Do you like cupcakes? Do personalized poems make you feel all warm and fuzzy inside? Since the correct answer is yes, come to Usdan between 11:30 and 2:30 on Friday for the Haiku Bake Sale! For $2, you can buy a delectable treat and have one of our poets write you a special haiku on-the-spot (you give us a word; we turn it into art).
Homemade treats are great,
As is poetry, so why
Not have two at once?
Date: February 15 Time: 11:30 – 2:30 Place: Table 3 at Usdan Hi: Coo.
Metis is the Wesleyan Undergraduate Journal of Classical Studies. We accept any work related to Classics and can be rendered in 2D. This includes papers, photos, artwork, poetry, translations, and any other Classics-themed creative work. Consider submitting your work from last spring semester, this past fall, or any work you’ve done here at Wesleyan related to Classics.
We’re looking for a wide variety of pieces, so even if you are not sure if it is appropriate for the journal please send it anyway! If you have questions or if you’re interested in getting involved with Metis beyond submissions, email jbond(at)wes. The submission deadline is February 28, 2013.
Ross “Rosendo” Levin ’15 is really freakin awesome and extends the opportunity to be awesome to you:
An experience of learning by living, communal living, anti-poverty organizing and bridging barriers through dialogue and action in one of the poorest urban neighborhoods in the country. The Poor People’s Economic Human Rights Campaign is a nationwide, multiracial movement that does everything from organizing marches to defending families from evictions to occupying vacant land to grow food. This is not some cushy non-profit. The group is led by the poor and people of color. For decades, in various incarnations, they’ve been working to ensure, as the name suggests, that their basic human rights are met and taking care of each other when society doesn’t. From March 10 to 17, students will have the opportunity to live in the home of a member of PPEHRC in Philadelphia, PA and participate in anti-poverty organizing classes and actual anti-poverty organizing, ranging from knocking on doors to home takeovers.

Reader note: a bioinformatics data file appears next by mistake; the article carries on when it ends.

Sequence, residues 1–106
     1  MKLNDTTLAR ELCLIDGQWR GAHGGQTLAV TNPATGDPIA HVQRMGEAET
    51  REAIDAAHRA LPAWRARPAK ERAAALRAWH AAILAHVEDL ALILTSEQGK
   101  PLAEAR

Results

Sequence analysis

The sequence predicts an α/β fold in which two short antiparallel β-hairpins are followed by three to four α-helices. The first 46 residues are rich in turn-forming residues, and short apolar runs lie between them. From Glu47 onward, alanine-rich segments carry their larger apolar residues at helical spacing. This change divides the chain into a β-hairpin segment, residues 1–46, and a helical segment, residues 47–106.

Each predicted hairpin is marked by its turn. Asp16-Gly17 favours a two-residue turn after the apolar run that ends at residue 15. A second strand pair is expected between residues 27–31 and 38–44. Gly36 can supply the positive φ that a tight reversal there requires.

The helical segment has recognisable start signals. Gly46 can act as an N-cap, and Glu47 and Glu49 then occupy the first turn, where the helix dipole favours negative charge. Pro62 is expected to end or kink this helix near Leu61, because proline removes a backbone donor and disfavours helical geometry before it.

There will be two informal info sessions to talk more about the details, costs (not very expensive at all), and whatever else you’d like to know.
INFO SESSION One
12pm-1pm, Friday, February 15
41 Wyllys, Room 114 INFO SESSION 2
5pm-6pm, Wednesday, February 20
41 Wyllys, Room 114
Claire Seoin Choi ’13 is calling all writers and artists:
“Remembrance of things past is not necessarily the remembrance of things as they were.” — Marcel Proust
What does it mean to remember, or to forget? In his chef d’oeuvre In Search of Lost Time, Marcel Proust questions how one remembers and accesses memory. Proust, however, is not alone in this exploration. Many other scholars have delved into the topic of memory and investigated its importance in social organization, historical construction, and personal and group narratives. This semester, Pyxis invites you to contribute your academic work on this theme. Topics may include, but are not limited to:
How do we express memory in literature, in visual form, in performance? How do the stories we tell ourselves–through narratives, myths, or collective memories–structure the world around us? How is memory constructed, recorded, represented, manipulated?